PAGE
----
Queen's maintains 4th place position in Maclean's rankings
By Communications Staff
Maclean’s magazine’s annual rankings keeps Queen’s in fourth place overall among Canadian Medical-Doctoral universities for another year. The category compares institutions offering a broad range of PhD programs and research, and that also have medical schools.
“I’m very pleased to see us holding our own against much larger universities,” says Principal Daniel Woolf. “While rankings don’t always tell the whole story, it’s good to see that we are consistently being placed among the country’s top five universities. These results are a testament to the hard work of our faculty and staff members, as well as to our students’ abilities.”
Queen’s was also ranked eighth of 49 institutions on the national reputational rankings, holding steady in sixth place for “highest quality”, moving up two spots to eighth place for “most innovative”, and moving up five spots from thirteenth to eighth place in the “leaders of tomorrow” category.
Within the Medical-Doctoral category, Queen’s was ranked first overall for the number of awards won by full-time faculty, and second overall for the percentage of the operating budget devoted to student support in the form of scholarships and bursaries. Queen’s is well ranked when it comes to library holdings, placing first for holdings per student.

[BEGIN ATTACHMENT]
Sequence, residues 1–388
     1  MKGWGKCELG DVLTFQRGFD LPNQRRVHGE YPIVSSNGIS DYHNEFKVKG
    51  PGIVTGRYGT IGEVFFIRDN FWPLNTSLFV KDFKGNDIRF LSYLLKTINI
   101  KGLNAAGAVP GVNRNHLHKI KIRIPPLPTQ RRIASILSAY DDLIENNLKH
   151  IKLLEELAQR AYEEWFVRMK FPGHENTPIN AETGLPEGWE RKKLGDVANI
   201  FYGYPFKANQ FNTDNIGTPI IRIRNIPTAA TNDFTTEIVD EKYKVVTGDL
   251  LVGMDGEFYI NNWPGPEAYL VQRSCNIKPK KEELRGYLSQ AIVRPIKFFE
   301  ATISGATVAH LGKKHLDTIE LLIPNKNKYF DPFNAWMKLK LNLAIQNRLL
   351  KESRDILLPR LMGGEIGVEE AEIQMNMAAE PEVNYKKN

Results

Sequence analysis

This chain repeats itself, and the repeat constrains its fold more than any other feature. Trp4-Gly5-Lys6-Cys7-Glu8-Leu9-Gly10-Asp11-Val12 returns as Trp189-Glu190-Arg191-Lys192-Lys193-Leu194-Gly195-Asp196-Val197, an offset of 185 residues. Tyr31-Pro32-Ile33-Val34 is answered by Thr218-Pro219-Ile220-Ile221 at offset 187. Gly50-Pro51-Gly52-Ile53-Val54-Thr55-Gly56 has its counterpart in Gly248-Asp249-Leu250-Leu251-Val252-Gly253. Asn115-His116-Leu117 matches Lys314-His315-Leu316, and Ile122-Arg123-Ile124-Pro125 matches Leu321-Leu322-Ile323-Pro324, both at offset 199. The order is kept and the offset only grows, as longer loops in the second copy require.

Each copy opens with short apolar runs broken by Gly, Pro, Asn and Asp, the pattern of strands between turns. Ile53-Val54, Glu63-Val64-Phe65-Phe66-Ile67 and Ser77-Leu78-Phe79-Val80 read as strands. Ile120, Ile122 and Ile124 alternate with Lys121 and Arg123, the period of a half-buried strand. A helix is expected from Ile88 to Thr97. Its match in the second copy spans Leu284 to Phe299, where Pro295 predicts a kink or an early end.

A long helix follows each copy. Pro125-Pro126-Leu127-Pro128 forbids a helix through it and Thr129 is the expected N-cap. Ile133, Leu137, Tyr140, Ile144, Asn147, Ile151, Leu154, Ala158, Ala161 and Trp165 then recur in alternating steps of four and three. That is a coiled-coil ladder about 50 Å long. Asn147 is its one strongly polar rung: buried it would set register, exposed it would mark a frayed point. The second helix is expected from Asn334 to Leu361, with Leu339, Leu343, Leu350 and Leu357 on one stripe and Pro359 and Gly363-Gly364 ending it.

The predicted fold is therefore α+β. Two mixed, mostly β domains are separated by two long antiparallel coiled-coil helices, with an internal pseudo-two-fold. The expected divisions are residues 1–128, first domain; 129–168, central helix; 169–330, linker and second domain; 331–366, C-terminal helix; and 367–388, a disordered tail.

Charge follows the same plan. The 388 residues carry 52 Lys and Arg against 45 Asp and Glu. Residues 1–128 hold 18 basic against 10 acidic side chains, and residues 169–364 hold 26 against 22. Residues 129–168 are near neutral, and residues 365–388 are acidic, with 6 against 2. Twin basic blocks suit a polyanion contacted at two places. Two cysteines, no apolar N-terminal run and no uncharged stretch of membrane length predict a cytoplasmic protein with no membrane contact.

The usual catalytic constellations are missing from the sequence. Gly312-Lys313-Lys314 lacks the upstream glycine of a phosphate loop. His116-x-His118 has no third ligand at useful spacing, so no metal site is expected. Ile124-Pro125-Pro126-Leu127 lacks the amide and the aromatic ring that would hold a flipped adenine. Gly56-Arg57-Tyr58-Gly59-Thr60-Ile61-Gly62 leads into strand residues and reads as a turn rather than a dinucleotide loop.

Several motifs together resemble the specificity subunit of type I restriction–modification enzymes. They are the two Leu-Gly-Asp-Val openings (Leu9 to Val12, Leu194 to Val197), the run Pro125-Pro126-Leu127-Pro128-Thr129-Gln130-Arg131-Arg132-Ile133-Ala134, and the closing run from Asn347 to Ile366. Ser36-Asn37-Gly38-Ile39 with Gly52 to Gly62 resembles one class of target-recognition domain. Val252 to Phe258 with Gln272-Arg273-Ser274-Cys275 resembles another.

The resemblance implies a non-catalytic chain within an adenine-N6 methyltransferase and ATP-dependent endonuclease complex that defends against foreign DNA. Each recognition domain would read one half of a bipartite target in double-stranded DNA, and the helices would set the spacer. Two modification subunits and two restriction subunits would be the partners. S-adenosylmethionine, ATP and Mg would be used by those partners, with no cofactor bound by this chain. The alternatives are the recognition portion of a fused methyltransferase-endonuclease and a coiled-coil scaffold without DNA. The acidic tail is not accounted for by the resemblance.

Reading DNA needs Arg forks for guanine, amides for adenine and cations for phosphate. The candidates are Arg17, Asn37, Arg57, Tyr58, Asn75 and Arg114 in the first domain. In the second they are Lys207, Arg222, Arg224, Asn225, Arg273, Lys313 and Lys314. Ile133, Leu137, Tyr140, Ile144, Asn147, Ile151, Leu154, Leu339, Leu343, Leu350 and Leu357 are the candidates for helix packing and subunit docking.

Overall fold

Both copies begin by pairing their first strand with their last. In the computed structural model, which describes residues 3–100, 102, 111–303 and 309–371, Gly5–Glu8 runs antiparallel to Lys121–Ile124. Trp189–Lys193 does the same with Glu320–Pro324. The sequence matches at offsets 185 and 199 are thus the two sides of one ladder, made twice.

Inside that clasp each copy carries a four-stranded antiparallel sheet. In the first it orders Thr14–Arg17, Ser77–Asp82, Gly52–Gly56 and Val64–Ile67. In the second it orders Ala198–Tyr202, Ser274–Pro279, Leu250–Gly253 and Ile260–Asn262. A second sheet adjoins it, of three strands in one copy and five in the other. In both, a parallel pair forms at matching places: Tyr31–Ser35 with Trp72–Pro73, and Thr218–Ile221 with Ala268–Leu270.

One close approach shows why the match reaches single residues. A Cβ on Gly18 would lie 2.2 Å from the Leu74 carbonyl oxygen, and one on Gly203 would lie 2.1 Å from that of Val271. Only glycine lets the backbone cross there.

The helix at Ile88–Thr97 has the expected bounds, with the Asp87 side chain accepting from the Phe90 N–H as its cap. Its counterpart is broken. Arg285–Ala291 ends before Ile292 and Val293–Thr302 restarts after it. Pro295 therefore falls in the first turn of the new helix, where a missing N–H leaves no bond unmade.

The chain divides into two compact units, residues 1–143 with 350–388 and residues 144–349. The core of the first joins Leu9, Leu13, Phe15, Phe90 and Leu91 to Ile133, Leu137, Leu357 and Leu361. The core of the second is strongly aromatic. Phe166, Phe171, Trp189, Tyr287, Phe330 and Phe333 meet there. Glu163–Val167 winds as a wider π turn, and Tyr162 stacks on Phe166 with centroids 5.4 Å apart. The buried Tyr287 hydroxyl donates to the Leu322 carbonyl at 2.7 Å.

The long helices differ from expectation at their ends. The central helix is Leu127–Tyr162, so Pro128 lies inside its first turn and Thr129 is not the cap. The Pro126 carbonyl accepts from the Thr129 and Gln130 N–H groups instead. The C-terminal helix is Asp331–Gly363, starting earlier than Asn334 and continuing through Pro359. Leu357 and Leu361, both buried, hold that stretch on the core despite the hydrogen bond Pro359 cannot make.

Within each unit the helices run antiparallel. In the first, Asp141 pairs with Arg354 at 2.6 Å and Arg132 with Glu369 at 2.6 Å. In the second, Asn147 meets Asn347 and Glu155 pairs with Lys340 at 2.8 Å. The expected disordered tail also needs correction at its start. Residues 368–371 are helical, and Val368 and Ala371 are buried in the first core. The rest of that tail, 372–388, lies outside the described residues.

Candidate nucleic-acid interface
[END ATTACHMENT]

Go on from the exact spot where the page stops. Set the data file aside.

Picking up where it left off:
The average entering grade for Queen’s students remains at 88.7%, or third overall and is ranked first in the country for student retention, with 94.5% of full-time, first-year students returning to campus the subsequent year. Queen’s also holds the top spot for the proportion of students who graduate (92.2%), up slightly from last year (90.8%).
The Maclean’s annual university rankings place universities into one of three categories (Medical- Doctoral, Comprehensive and Primarily Undergraduate) to recognize differences in research funding, diversity offerings and depth of graduate and professional programs. The rankings assess institutions based on a number of performance indicators using the most recent and publicly available data, a good deal of which is provided by Statistics Canada. The financial figures are for fiscal year 2011-12, and student and faculty numbers are for 2010. The reputational category is determined by 8,000 surveys sent to university officials, high school guidance counselors, CEOs, recruiters and the heads of a variety of national and regional organizations.